Despair, desolation and death suffuse Claire Denis’ impressionistic film, set in an unnamed African country being torn apart by civil war. Isabelle Huppert stars as Maria, a French woman determined to remain on the coffee plantation owned by her ex-father-in-law Henri (Michel Subor), who’s incapacitated. She insists on remaining, and finding workers to bring in the crop, despite the fact that the region is a powderkeg in which government troops and rebels (many of them child soldiers) are stalking one another, both brutalizing and often killing locals and both searching for the underground leader known as The Boxer (De Bankole).
Also involved in the catastrophe are Maria’s ex-husband Andre (Christopher Lambert), who wants to sell the plantation and flee the country, and her son Manuel (Nicolas Duvauchelle), an irresponsible layabout who goes mad after being humiliated by two young revels and turns to violence himself. And acting as a sort of Greek chorus throughout is a radio broadcaster who advises the remaining French to get out while they can and reports on the chaos surrounding him.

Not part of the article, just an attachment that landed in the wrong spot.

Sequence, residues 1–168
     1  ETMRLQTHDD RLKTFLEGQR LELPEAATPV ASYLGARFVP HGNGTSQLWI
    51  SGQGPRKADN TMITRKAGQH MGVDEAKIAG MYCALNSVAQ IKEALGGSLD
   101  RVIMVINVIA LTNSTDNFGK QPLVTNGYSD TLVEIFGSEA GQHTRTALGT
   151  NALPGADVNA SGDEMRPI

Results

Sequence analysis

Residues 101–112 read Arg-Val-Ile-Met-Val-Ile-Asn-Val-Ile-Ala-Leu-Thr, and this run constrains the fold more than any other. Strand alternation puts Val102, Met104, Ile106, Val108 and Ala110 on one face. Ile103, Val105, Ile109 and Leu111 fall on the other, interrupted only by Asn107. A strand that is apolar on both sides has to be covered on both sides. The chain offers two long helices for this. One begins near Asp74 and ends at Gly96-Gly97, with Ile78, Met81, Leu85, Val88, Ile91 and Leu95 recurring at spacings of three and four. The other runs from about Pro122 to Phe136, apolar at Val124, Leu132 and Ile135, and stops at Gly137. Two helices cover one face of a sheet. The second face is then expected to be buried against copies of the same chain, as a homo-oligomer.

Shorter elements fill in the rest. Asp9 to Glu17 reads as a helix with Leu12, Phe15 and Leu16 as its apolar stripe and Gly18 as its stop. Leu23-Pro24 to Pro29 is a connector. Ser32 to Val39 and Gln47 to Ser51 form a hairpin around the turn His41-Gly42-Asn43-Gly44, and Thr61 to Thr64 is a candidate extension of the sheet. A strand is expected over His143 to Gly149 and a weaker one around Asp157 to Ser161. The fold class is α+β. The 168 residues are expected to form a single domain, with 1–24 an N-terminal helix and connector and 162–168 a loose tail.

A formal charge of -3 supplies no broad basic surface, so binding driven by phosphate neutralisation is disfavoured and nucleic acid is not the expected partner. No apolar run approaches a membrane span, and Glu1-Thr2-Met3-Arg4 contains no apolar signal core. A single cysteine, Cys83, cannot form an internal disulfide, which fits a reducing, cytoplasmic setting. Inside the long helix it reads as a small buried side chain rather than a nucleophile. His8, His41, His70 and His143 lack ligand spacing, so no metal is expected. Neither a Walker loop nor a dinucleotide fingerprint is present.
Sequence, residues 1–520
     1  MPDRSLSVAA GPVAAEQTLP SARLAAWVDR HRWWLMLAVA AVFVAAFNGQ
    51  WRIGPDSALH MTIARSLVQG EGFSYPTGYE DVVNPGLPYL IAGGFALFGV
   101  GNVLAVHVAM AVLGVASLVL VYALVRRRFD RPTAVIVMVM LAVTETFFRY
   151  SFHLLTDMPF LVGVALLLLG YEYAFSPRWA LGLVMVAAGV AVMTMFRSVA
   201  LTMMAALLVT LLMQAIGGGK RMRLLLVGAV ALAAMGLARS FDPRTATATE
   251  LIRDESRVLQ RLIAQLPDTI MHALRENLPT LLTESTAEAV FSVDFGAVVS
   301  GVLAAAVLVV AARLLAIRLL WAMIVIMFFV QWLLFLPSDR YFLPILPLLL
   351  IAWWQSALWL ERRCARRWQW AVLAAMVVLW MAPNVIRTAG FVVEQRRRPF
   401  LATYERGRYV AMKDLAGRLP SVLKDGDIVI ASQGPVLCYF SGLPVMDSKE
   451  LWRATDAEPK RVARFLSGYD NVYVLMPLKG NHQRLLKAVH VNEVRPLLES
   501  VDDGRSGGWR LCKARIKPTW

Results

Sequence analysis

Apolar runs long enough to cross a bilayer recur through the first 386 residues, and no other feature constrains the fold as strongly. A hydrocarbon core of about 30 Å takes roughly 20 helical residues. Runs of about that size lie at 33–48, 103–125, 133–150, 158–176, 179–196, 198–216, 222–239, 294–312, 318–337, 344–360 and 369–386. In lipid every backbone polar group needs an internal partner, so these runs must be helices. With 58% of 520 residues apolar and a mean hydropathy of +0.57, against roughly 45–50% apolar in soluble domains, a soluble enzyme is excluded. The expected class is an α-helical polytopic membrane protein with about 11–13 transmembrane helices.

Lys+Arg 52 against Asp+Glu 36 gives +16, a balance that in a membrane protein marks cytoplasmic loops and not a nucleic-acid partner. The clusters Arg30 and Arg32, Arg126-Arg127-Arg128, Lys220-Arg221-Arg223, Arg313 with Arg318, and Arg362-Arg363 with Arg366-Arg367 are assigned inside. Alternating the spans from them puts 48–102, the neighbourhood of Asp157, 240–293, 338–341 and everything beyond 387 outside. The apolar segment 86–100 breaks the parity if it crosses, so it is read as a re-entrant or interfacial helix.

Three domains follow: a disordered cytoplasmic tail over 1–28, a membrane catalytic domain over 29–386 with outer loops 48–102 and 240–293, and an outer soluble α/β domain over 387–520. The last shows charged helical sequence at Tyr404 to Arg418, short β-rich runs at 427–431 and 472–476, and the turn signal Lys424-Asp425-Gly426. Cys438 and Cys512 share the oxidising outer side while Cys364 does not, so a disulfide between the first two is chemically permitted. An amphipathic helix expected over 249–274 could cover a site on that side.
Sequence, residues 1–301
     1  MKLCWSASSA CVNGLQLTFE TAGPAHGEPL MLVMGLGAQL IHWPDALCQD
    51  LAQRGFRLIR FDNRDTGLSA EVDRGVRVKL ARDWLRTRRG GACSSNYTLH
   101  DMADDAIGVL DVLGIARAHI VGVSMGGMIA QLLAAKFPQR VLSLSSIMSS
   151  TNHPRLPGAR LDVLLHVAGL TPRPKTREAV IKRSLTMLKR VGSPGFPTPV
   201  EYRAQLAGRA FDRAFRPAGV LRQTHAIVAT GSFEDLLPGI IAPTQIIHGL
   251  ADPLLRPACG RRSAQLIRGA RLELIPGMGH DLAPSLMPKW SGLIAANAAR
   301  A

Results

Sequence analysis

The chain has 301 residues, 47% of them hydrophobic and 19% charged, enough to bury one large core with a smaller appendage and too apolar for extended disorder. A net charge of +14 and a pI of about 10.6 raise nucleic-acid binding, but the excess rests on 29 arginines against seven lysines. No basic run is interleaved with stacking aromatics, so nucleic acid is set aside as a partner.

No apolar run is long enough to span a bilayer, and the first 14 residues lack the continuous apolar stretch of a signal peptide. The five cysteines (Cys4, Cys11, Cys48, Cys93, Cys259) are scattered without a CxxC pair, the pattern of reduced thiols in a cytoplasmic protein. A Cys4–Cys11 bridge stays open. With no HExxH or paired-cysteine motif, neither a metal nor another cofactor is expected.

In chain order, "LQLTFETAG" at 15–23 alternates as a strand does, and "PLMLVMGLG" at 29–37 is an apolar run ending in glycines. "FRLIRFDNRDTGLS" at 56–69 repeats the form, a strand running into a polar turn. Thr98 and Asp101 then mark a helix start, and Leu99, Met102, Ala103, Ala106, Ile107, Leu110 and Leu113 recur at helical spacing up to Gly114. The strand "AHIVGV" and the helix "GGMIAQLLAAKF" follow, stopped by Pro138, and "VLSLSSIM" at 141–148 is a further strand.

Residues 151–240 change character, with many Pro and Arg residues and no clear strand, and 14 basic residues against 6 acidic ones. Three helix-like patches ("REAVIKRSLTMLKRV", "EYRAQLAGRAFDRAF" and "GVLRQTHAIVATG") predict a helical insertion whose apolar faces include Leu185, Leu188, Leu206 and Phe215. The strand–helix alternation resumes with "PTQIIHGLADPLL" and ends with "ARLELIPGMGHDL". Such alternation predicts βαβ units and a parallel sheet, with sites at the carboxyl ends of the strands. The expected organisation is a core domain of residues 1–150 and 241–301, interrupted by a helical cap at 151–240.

“White Material”—a derogatory term used by blacks to refer to the French—depicts a society left in tatters by the departing Europeans, and so shows the terrible effects of colonialism. (Signs with slogans like “God Will Not Abandon You” on a church, and “The Mayor Keeps His Word,” on the mansion of the man with whom Andre’s negotiating the sale of the plantation—and who’s built his own private militia—add to the sense of anarchy.) But it’s not a socio-political screed. The situation is merely presented as the backdrop to the human drama. The film is actually about the hold the land, even in so desperate a state, continues to have on some long-time white residents. The impact of Maria’s intransigence and blind insistence on staying is shown most clearly on Manuel, who literally loses his identity and descends into madness as a result, but it has a similarly extreme effect on her.
The film is constructed as a series of flashbacks, as Maria, who’s lost her car to a band of militants, struggles to get home. That adds to the impressionistic character of the piece, a quality accentuated in Yves Cape’s cinematography, which has a ragged, hallucinatory style. Huppert paints a striking portrait of a woman whose obsessive determination makes her hard, unyielding and uncomprehending of the reality surrounding her, and Duvauchelle transforms convincingly from slacker to thug. Lambert is persuasively bland.
“White Mischief” is hardly an easy film to watch; it’s challenging and, in the end, very sad. But it’s a powerful commentary on the heart of darkness.